Do What You Want; Never Retire; Die Broke, Part II

Saw this New Yorker profile of the wonderful Mr. Money Mustache this morning.

Mr. Money Mustache is a blog about frugality as a way to achieve early retirement. In my post the other day, I suggested that you should find a routine that you love and then never retire.

On the surface these might seem like incompatible philosophies, but I think it’s just approaching the same problem from a different angle.

Retirement, in his hands, is a slippery term. It doesn’t mean playing golf or sitting on the porch. It is merely the freedom to do what he wants when he wants.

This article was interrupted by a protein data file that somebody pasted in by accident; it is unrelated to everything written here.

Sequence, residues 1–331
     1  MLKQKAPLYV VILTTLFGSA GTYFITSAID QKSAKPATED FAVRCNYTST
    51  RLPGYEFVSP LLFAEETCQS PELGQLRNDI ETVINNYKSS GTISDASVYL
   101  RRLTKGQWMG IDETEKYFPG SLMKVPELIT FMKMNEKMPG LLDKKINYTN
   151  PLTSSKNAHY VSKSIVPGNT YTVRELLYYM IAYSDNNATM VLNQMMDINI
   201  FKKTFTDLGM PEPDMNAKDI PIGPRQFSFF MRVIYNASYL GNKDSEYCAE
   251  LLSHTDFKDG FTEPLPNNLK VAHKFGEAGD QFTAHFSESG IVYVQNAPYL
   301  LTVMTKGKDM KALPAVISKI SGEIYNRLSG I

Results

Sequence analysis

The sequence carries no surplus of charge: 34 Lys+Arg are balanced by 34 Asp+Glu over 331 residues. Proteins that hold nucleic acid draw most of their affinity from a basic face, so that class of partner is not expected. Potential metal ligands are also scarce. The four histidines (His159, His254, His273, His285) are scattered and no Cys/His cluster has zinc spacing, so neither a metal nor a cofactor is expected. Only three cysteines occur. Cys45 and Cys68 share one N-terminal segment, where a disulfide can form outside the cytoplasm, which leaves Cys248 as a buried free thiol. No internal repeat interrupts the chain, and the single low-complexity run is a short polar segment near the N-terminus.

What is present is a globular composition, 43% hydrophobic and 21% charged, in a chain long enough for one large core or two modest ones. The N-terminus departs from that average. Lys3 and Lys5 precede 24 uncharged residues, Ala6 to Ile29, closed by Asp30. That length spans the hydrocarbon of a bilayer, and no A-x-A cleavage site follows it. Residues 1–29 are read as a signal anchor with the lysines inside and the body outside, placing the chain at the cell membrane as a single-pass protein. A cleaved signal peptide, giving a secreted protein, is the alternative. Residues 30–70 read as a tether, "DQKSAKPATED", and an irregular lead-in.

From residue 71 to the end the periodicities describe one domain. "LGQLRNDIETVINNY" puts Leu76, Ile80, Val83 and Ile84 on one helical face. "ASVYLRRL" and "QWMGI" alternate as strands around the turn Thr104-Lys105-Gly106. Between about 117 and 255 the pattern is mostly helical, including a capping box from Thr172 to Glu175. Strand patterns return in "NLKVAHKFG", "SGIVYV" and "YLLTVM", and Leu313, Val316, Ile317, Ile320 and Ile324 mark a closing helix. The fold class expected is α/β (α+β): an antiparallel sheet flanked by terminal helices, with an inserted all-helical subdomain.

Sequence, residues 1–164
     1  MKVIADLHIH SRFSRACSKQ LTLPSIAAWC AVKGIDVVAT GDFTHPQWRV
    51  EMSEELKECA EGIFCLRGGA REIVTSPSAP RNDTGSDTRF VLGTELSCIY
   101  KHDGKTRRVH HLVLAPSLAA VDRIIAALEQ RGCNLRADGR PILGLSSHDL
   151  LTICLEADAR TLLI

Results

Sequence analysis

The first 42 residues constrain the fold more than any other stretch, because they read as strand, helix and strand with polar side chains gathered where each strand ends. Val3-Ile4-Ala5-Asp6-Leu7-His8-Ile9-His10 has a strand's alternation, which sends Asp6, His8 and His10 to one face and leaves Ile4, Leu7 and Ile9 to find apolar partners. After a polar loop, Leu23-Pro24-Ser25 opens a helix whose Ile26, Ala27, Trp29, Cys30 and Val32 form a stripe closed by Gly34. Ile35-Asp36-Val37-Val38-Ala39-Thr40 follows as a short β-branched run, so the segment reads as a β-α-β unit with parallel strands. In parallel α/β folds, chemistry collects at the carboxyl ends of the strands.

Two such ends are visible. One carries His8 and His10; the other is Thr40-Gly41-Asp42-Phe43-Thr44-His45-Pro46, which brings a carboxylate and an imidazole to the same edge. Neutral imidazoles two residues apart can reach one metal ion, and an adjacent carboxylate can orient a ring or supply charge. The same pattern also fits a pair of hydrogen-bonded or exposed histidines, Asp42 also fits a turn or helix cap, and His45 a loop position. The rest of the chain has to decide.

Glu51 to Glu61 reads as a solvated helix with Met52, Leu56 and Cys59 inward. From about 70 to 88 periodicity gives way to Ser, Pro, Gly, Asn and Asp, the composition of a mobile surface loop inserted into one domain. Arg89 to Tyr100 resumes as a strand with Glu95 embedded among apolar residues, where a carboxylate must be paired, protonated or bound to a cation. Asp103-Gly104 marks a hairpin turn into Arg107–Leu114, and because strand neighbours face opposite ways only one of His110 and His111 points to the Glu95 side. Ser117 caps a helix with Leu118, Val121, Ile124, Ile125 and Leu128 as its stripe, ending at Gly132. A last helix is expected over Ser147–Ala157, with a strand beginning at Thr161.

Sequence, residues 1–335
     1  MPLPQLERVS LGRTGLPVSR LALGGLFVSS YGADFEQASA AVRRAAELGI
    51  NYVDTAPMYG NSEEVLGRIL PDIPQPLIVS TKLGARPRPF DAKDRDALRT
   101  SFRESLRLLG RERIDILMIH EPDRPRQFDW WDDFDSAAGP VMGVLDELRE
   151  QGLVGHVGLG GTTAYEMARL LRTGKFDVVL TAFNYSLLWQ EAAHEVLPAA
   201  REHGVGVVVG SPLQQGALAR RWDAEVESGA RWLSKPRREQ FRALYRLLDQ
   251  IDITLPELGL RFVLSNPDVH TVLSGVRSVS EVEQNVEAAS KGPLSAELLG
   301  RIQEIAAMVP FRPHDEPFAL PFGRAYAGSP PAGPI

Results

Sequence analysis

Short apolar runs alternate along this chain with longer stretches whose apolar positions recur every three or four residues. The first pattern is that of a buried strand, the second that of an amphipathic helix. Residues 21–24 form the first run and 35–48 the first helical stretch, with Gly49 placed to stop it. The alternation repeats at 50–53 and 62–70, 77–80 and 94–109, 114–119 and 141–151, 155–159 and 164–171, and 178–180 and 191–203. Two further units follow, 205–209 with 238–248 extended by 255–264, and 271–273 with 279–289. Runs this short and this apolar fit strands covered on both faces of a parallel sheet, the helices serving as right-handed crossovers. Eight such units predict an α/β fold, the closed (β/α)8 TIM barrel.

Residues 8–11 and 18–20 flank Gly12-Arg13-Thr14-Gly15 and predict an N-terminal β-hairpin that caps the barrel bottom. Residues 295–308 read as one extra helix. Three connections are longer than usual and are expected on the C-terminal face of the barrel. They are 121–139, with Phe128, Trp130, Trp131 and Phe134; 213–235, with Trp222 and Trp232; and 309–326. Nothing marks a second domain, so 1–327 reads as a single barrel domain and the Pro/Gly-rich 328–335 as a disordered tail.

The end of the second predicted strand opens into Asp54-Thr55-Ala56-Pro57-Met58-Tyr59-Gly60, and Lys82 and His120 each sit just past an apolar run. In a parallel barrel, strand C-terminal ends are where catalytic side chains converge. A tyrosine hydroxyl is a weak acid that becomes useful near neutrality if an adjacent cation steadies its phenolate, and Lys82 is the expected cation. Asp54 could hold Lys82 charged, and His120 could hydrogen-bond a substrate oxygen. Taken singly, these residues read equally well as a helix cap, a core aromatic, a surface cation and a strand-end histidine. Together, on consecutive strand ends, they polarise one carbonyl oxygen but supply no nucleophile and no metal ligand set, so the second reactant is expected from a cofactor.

I think both Mr. Money Mustache and I would agree: stuff doesn’t matter. What you do every day matters.

My principal point of emphasis is on the “what you do,” whereas MMM focuses on removing the “what you don’t need.” I feel as if that’s two sides of the same coin.

I don’t think you should do something you hate an save up to retire early. But I agree that, “[t]oo many people spend money they haven’t earned to buy things they don’t want to impress people they don’t like.”

The bottom line is this: What you do matters, not what you own or what you buy. Whether you define that as retiring early or never retiring is semantics.

How you get to do what you care about every day is a deeply personal journey. Mr. Money Mustache is a fantastic resource to help get you there.